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1. Orientations
a. Figures
2. Koran
3. Theology
4. Concept of divine
5. Sharia
6. Muhammad
7. Cult and Festivals
8. Mecca
9. Cultic personalities
10. Caliph
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14. Calendar

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Islam / Caliph / Abbasids /
Arabic: 'al-mansūri bni muhammad

(712-775) Caliph of Islam 754-775, belonging to the Abbasid Dynasty.
Mansur was a clever leader, but used ruthless means to secure control over the caliphate. When he became caliph, the Abbasid Dynasty was only 4 years in the making. How grave he saw the challenges is reflected in him having the commander of his army, Abu Muslim, murdered, simply from the fear of a future revolt. He also made sure that his son had his position as heir tightly secured.
Mansur encouraged conversion into Islam. During his 21 years in power, the number of Muslims in the empire rose from 8% to 15%.
Mansur's main achievement is clearly the founding of Baghdad. He needed a safe and stable centre for his administration. As most alternative cities were in the hands of specific tribes or groups, a new city was the only way of securing loyal subjects.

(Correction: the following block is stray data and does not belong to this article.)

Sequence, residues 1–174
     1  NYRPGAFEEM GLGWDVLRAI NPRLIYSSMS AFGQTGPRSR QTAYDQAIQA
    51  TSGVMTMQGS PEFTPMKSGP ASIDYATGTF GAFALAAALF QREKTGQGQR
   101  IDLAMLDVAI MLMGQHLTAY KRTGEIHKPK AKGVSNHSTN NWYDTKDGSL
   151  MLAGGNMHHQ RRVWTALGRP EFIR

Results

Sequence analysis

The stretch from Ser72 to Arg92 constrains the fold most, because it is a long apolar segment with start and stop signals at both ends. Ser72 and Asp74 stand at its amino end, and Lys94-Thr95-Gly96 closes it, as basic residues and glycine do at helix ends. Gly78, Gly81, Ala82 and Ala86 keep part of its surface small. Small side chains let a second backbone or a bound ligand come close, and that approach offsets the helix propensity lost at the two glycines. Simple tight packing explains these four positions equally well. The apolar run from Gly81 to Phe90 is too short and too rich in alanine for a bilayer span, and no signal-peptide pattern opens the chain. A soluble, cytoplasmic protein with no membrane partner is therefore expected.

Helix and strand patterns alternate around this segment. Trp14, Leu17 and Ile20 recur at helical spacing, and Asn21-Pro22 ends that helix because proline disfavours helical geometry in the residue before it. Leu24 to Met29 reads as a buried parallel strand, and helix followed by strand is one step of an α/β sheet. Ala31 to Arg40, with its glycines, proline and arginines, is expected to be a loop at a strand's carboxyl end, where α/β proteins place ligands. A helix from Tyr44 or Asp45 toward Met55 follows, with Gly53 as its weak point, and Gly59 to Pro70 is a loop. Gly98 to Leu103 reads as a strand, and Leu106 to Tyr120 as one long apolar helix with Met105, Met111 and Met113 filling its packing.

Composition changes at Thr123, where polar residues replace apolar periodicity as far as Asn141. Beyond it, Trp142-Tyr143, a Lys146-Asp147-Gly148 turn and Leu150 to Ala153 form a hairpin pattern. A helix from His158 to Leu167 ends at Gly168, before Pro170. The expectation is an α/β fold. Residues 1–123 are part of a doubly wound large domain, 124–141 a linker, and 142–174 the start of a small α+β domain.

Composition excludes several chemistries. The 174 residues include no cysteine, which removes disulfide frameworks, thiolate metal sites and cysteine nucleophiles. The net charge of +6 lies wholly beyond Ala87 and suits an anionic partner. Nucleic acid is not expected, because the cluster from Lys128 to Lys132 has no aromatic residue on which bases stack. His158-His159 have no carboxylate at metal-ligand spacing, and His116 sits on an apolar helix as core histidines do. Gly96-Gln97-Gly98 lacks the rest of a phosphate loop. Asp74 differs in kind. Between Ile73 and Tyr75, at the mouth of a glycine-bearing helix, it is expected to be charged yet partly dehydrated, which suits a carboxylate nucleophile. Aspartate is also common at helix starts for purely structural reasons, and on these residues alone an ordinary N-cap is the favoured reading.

712: Born in Humaymah, Syria.
750: Mansur's brother, as-Saffah becomes caliph for all of the Muslim territory. Mansur assists him in killing many potential challengers within the movement.
754: With the death of as-Saffah, Mansur becomes new caliph.
— Mansur's uncle, Abdullah, revolts against the caliphate of Mansur, claiming it for himself. The commander of the Abbasid army, Abu Muslim, suppresses the revolt.
755: Has Abu Muslim killed. Mansur feared his popularity, and saw him as a potential future threat to the Abbasid caliphate.
— Sunbadh of Khorasan rebels in protest of the killing of Abu Muslim; Mansur defeats the rebellion.
757: Suppresses the Rawandiyah Muslims who claimed that Mansur himself was god.
762: Founds and starts building Baghdad.
767: A group supporting a self-acclaimed prophet is crushed by Mansur's forces.
775: While on his way to Mecca to perform hajj dies Mansur. His was buried in an unmarked grave, to defend it from his enemies. He is succeeded by his son, al-Mahdi.

By Tore Kjeilen